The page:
ITT Tech Shuts Down

ITT Technical Institutes is one of those colleges that you seem to see more on TV commercials than anywhere else. It announced that it is shutting down immediately, blaming the government.

Unfortunately, the reality is that this was a long time coming. For years, many of the so-called, “for profit” colleges have been accused to providing their students little more than a big balance of student loans and degrees that weren’t worth the paper they were printed on. Somewhere along the line, enough powerful politicians switched from protecting these colleges to protecting their students, and the die was cast.

As soon as ITT’s accrediting agency raised questions, the Feds acted.

How ITT Shut Down

Despite what you may read, the government did not shut down ITT. That would be an overstep over government power. Instead, it did the one thing it is allowed to do. It removed the eligibility of students to use federally backed student loans, which, are most student loans, at ITT schools.

Lower income students make up a lot of the student body at schools like ITT Technical Institute. Without loans they wouldn’t be able to pay tuition, and without federal backing, they aren’t going to qualify for those loans on their own. The end result is no new students.

Technically, the government allowed students who were already enrolled at ITT Tech to continue using student loans, but no new students were allowed to start using student loans.

itt tech shuts down options

What Now ITT Shutdown?

What to do now is a tricky question.

You may be able to have your federal student loans discharged, but only if you don’t transfer your credits. The idea is that if you get value from the loans you took, in the form of transferable credits, then, you can’t have your cake and eat it too, by having your student loans forgiven. The sticky part here is that even if only some of your credits transfer, that may make you ineligible for student loan forgiveness.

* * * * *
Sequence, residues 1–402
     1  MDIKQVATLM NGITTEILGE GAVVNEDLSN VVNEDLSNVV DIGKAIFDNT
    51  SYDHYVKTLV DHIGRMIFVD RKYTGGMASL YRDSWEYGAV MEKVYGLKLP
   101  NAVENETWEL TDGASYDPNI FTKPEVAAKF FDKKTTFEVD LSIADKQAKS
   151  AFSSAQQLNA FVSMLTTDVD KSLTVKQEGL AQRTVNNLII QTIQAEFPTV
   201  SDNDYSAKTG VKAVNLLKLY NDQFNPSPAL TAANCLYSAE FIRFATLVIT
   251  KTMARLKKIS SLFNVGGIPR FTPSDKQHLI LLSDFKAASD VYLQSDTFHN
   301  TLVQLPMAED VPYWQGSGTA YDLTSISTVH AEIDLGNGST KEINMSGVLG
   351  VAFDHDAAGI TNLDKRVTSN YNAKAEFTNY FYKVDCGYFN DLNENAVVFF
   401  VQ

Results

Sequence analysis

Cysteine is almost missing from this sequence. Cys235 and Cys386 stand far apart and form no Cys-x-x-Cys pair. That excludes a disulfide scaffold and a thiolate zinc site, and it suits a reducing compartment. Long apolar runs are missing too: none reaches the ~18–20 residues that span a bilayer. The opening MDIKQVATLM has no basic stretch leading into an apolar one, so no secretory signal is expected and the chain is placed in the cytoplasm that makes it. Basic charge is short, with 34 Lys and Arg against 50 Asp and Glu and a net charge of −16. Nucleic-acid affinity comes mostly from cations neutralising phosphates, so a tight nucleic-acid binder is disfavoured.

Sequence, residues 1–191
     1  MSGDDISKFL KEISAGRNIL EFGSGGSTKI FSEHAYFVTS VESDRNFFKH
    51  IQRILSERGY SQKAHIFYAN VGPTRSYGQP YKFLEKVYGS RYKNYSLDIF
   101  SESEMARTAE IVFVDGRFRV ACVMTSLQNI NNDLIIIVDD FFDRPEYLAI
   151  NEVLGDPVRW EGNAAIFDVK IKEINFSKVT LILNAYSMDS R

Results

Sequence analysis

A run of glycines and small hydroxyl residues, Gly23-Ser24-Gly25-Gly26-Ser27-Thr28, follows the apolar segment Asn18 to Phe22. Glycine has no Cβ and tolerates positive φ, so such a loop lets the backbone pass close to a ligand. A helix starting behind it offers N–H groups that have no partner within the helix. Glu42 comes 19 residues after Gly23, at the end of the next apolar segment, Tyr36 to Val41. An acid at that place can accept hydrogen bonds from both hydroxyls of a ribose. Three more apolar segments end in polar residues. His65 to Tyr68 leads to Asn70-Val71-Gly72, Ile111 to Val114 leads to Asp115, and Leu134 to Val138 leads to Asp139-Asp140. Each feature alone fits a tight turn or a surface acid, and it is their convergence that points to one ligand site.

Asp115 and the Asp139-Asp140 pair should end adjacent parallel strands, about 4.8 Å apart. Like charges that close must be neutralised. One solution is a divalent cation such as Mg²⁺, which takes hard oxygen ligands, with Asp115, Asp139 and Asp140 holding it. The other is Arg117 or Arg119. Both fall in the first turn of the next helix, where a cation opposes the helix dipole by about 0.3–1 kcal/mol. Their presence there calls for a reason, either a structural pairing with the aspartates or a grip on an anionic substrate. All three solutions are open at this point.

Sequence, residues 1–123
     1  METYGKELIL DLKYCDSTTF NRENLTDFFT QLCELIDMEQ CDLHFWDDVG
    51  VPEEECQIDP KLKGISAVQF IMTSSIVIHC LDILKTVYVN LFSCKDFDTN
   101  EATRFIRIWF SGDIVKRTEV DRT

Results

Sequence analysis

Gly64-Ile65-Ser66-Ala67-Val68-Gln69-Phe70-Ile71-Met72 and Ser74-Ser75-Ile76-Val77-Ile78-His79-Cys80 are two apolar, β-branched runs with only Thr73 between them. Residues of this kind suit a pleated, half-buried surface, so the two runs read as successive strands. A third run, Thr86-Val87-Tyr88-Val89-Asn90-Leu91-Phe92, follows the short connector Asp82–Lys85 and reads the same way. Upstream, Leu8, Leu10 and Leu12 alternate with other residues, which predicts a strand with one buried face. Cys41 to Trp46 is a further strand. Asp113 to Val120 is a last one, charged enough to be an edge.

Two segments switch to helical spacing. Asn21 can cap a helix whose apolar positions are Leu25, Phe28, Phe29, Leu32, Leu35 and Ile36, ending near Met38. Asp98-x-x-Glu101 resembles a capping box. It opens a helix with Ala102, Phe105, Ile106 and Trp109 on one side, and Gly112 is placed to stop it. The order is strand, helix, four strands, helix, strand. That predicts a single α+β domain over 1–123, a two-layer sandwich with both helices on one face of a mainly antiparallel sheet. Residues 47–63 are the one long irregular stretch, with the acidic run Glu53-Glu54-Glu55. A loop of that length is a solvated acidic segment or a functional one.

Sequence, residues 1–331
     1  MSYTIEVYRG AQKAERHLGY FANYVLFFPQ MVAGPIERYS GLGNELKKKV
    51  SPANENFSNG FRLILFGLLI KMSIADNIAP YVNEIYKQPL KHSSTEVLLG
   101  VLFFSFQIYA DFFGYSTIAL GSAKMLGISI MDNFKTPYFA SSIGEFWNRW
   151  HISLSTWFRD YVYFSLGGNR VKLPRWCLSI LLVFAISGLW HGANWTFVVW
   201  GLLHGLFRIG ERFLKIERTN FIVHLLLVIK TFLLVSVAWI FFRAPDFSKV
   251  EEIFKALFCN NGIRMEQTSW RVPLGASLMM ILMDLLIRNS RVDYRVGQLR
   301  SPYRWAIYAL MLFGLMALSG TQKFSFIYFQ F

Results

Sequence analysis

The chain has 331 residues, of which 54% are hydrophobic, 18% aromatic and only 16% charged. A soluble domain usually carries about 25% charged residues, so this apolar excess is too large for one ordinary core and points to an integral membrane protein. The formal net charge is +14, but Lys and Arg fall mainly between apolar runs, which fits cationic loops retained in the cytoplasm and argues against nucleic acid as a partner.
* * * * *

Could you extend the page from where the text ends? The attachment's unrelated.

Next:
If you can find a school that will transfer your credits from ITT, you can enroll there and take at least some of your progress with you. The catch is that a lot of what ITT offered wasn’t really equivalent to the kinds of courses required at other schools, so some of the credits may not transfer at all. Straight classes like math and science are the most likely to transfer.

So, what should you do?

First, if you want to transfer your credits, figure out WHERE you want to transfer them to, and talk to someone there to find out EXACTLY what will transfer and how. Remember transferring “general credits” might reduce the number of overall class you have to take, but it won’t help with specific class requirements required to get a degree.

Once you know how you credits will transfer, it’s time for a cost benefit analysis. Which is more valuable to you? The transferred credits, or having your student loans wiped out?

If you are not planning on going on to graduate elsewhere, the answer is a no brainer. Without a degree, the credits are nothing. Get your student loans discharged.

If you are planning on going on to get a degree, then you have to decide which is more valuable, taking the credits with you, or getting your forgiven. The closer you are to graduating, and by that, I mean the closer you are to graduating at your NEW SCHOOL, the better it is to take the credits. If you are still going to have to do 3 years at the new school to graduate, then you are probably better off erasing your student loans and starting over.

Finally, there is an option to transfer your credits, and have your loans forgiven, but you’ll need to double check everything first.

I transferred credits from a closed school and enrolled in a completely different program of study at a new school and completed the new program. Are the previous loans from the closed school dischargeable?
Yes, because the program of study at the new school is completely different than that of the closed school, for which the loans were intended

Source: Closed school discharge – Office of Federal Student Aid.

The most important thing is to examine all of your options fully, and most importantly, don’t do nothing. If you aren’t going to continue with school, get your loans discharged. If you are, evaluate your options closely.

Good luck.

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